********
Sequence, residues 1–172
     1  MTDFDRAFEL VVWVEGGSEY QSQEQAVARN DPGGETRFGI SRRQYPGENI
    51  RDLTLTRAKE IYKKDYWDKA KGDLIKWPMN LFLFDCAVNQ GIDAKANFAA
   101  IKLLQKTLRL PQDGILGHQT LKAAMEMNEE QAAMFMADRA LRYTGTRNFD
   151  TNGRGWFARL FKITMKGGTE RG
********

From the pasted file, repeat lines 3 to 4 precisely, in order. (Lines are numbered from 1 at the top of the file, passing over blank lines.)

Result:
    51  RDLTLTRAKE IYKKDYWDKA KGDLIKWPMN LFLFDCAVNQ GIDAKANFAA
   101  IKLLQKTLRL PQDGILGHQT LKAAMEMNEE QAAMFMADRA LRYTGTRNFD